Jean Paul Gaultier

The clues were in the show notes: Pussy Faster, Lady Killer, Catwoman, Mata Hari, Cruella de Ville, and so on - Gaultier likes to give every outfit a name. Heavy hints were also in the audience’s seating, divided into sections titled ‘Lions’, ‘Panthers’, Tigers’, and other big cats. Then came the opening music: the theme tune to the Pink Panther.

Gaultier’s vampy extravaganza was a bold-as-brass tribute to larger-than-life heroines and superwomen. And big cats. Yes, animal prints were everywhere – on ‘Catwoman’ (played by Lindsey Wixsom, the one with the super-pout) in the form of panther spotted jacquard dress, and on ‘Cruella de Ville’ (Joan Smalls) who wore a giant cocoon coat rendered in feathers that were made to look like leopard spots.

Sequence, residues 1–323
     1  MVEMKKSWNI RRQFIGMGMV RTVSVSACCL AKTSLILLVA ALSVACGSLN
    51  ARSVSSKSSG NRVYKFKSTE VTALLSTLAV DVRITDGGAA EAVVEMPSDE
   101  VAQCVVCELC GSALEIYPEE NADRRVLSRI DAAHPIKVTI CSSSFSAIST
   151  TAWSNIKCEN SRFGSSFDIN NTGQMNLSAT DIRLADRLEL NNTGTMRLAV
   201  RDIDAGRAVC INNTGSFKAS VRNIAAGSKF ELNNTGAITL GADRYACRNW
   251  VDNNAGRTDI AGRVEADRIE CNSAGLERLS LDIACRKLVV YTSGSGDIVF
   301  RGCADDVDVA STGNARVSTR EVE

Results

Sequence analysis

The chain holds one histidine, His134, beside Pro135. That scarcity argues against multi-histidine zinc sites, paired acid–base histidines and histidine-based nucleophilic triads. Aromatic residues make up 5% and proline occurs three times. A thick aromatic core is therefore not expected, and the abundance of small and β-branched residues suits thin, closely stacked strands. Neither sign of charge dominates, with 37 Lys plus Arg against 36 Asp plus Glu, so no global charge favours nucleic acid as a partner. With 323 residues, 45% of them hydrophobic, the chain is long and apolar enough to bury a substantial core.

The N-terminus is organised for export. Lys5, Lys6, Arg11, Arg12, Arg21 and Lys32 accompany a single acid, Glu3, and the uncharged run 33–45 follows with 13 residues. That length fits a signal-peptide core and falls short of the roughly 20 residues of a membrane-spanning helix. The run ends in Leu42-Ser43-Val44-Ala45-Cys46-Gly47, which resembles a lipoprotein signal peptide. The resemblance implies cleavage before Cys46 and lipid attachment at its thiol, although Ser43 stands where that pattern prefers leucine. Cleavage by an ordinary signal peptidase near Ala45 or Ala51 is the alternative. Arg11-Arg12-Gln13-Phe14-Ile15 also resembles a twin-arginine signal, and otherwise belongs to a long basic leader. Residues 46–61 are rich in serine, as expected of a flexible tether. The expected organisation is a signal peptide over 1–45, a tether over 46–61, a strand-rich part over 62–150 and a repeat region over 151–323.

You get the feeling, watching a Gaultier show, that the designer gets as much of a buzz casting his girls and dreaming up who they will ‘play’ as he does from creating the actual clothes. As ever, this was no mere show, but unapologetic theatre. Despite all the high camp theatrics, it was the clothes that held the stage – well, most of them. Not the pumped rows of quilting that came out of nowhere and looked heavy. And not the trousers whose pockets jutted out at severe angles. But, still, nobody cuts a ‘smoking’ quite like Gaultier - the fit of those tuxedo jackets and the long, long legs of those trousers, stitched this season with diamante seams, are still his go-to signature. Most of all, it’s the sheer rampaging joy he still has for it all after 30 years. Sadly, even the sight of him running down the catwalk wearing a silly sailor hat and madly waving his hands, sometimes isn’t enough to raise a smile from the po-faced fashion audience.